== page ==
Bitcoin Premium Rises In Argentina Fueled By Financial Crisis and Political Uncertainty

August 13, 2019 / by Crypto.IQ

Bitcoin is a little expensive in Argentina as compared to other parts of the world, trading at almost a $300 premium, and showing a $200 rise in premium from around $100 earlier in May.

On the oldest cryptocurrency exchange in Argentina, one Bitcoin amounts to 526,413.15 Argentine Pesos, worth almost $11600. Now, that’s at a time when the price of Bitcoin on Coinbase stands somewhere around $11300.

The premium for peer-to-peer purchases on LocalBitcoin is even bigger, reaching around $1000, as the cheapest Bitcoin goes for about 560000 ARS which is worth almost $12300.

ArgentBTC and Ripio also have a premium reaching $300, suggesting even higher Bitcoin demand in Argentina with not much arbitrage.

The former is probably because arbitrage may turn out to be quite risky due to 55% inflation in the country, and the central bank interest rates growing even higher and apparently fluctuating by the day.

In addition, currency controls might be back in place because of a recent vote indicating left-wing socialists would probably end up winning the election.

“A ticket involving former President Cristina Fernandez emerged as the strongest vote-getter in Argentina’s primary elections Sunday, indicating conservative President Mauricio Macri will face an uphill battle going into general elections in October.

With nearly 59% of polling stations tallied late Sunday, official results gave the presidential slate headed by Alberto Fernandez and his vice-presidential running mate, Cristina Fernandez, about 47% of the votes. Macri and his running mate, Miguel Angel Pichetto, had nearly 33%,” said France24, as general elections are scheduled in October in the country where their currency’s value has plunged.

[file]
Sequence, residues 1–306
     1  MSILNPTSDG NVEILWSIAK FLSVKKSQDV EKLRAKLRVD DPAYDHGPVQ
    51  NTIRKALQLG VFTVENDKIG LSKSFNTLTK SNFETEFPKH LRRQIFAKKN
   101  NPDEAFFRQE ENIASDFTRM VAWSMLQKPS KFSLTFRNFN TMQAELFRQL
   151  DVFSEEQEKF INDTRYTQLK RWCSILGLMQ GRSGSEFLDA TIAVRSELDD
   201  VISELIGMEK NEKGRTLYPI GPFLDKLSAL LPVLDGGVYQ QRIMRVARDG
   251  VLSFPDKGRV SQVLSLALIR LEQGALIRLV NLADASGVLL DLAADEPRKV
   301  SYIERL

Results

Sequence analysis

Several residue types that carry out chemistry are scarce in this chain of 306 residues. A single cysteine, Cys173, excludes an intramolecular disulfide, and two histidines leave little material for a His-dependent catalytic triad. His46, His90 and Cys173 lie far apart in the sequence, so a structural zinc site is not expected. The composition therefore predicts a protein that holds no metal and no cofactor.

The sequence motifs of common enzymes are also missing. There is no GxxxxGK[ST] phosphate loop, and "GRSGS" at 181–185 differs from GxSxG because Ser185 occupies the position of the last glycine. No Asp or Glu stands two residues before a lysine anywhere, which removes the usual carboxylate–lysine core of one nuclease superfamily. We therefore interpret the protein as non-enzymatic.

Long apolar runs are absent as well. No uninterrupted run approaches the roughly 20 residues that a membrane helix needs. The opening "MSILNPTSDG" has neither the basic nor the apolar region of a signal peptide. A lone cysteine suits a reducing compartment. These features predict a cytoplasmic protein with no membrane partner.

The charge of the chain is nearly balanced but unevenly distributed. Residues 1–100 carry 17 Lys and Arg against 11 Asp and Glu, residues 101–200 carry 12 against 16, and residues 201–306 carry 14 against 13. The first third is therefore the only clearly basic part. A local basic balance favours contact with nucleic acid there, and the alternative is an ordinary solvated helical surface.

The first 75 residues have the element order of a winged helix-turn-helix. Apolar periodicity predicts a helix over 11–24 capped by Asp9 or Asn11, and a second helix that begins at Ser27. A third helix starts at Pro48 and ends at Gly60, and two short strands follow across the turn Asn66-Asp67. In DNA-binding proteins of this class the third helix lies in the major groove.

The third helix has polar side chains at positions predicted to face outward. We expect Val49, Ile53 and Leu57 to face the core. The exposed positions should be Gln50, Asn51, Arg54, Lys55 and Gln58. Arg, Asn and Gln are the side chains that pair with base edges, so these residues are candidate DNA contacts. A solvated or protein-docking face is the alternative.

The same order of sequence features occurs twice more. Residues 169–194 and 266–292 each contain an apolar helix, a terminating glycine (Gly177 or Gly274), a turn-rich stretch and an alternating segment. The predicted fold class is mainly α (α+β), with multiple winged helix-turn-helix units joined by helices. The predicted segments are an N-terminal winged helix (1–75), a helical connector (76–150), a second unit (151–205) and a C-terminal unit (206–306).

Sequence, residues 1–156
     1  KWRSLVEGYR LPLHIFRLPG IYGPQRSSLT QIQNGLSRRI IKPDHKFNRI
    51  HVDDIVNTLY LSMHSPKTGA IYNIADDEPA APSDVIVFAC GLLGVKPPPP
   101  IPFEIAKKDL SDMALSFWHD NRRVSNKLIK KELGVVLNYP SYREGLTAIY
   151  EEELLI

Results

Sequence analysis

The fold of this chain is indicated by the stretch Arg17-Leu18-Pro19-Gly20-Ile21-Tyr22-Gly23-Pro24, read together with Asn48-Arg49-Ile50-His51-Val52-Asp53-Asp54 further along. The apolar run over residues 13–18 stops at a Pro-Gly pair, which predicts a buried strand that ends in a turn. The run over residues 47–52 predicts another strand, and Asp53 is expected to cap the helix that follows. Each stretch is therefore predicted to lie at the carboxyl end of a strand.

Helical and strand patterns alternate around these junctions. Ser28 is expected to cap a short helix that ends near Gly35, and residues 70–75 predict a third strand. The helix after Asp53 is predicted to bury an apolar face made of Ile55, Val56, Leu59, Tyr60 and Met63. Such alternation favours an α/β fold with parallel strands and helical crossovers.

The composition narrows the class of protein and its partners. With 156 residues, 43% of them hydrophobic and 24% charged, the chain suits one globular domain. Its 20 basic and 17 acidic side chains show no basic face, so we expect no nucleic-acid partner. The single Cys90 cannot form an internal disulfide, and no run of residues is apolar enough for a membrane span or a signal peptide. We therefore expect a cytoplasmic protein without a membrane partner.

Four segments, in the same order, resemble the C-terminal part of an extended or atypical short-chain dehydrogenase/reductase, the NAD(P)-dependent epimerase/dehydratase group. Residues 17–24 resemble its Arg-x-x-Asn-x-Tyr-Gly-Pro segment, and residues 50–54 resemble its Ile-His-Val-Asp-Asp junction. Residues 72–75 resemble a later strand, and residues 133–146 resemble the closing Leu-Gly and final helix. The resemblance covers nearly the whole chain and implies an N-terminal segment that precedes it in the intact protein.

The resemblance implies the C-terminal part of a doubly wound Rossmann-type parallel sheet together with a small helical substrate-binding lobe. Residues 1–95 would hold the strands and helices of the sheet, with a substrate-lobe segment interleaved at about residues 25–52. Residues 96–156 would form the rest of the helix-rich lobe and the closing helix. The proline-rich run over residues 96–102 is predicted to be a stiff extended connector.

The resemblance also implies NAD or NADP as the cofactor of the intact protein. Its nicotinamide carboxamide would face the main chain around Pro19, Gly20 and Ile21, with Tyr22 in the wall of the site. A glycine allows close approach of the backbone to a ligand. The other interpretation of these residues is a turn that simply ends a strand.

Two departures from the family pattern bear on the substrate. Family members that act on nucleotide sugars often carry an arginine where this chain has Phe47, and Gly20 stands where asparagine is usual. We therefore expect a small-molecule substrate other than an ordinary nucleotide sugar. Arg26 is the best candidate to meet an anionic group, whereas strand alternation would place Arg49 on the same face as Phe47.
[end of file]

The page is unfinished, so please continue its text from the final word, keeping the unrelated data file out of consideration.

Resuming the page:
As interest rates go crazy, they are clearly printing money in desperation, destroying savings as well as debts in Pesos. No one is going to lend the government in pesos. It seems now nobody will be lending them in dollars either as Reuters stated:

“Re-electing Macri would mean seeing through painful cuts in public spending as part of the $57 billion standby agreement he negotiated with the International Monetary Fund last year.”

On the other hand, Fernandez might pull off currency controls and limit their ability to purchase dollars. Furthermore, Fernandez also intends to provide free money, increase government jobs, nationalize the pension funds, and strong-arm the trade unions.

“Argentina remains one of the most closed economies in the world,” says Benjamin Gedan, the South America director of the Obama White House. He further says:

“For 12 years, the [Fernández] Kirchner family had ruled the country, tugging the dominant Peronist party toward statism and friendships with China, Iran and Venezuela.

Macri, a former mayor of the Argentine capital, Buenos Aires, was a multimillionaire whose young political coalition celebrated free markets and sought close ties to the United States.”

The corporate media, therefore, doesn’t find it too welcoming that Kirchner might get into power again, but in her regime during 2007-2015, the inflation rate was around 5%.

Also, as the World Bank reports, the middle class doubled in the country in her term. Besides, the growth even reached 15% at times when she was in office from 2010-2015, while the economy has been shrinking some 6% since 2018.

So, there’s no surprise in her leading the polls, but the currency controls might cause the trade to become a little more difficult.

Bitcoin is always there of course. They can’t apply currency controls as easily as fiat. So, just like the Venezuelans, Argentineans might also discover how useful decentralized currency can be.